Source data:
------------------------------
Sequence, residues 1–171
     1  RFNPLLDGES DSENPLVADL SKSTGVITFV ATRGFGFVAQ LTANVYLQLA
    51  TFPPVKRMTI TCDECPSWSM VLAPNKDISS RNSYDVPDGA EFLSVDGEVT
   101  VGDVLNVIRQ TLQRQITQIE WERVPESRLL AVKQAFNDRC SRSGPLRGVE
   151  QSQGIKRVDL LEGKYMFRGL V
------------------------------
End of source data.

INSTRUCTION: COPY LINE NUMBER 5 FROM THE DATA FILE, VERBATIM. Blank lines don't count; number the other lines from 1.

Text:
   151  QSQGIKRVDL LEGKYMFRGL V